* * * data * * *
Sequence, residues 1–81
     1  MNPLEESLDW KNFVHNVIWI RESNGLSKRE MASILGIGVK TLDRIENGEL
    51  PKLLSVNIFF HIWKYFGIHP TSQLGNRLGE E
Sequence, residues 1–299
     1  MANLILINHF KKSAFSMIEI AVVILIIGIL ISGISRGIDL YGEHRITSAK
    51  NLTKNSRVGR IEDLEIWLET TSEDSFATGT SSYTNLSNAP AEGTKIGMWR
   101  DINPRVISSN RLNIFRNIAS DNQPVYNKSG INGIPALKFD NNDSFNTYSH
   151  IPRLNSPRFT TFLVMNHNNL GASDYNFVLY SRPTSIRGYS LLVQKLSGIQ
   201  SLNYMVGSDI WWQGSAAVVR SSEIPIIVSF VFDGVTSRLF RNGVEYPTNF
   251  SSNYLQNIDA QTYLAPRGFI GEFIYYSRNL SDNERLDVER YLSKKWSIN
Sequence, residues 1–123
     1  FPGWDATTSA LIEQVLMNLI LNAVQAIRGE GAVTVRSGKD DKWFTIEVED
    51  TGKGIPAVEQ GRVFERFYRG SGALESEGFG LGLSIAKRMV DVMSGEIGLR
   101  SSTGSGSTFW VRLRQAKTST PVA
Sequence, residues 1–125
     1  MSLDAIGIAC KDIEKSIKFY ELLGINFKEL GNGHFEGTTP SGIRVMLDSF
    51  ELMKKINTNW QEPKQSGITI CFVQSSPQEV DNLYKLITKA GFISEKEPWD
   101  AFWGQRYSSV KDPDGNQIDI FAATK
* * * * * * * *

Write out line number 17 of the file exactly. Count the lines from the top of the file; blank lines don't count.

    51  ELMKKINTNW QEPKQSGITI CFVQSSPQEV DNLYKLITKA GFISEKEPWD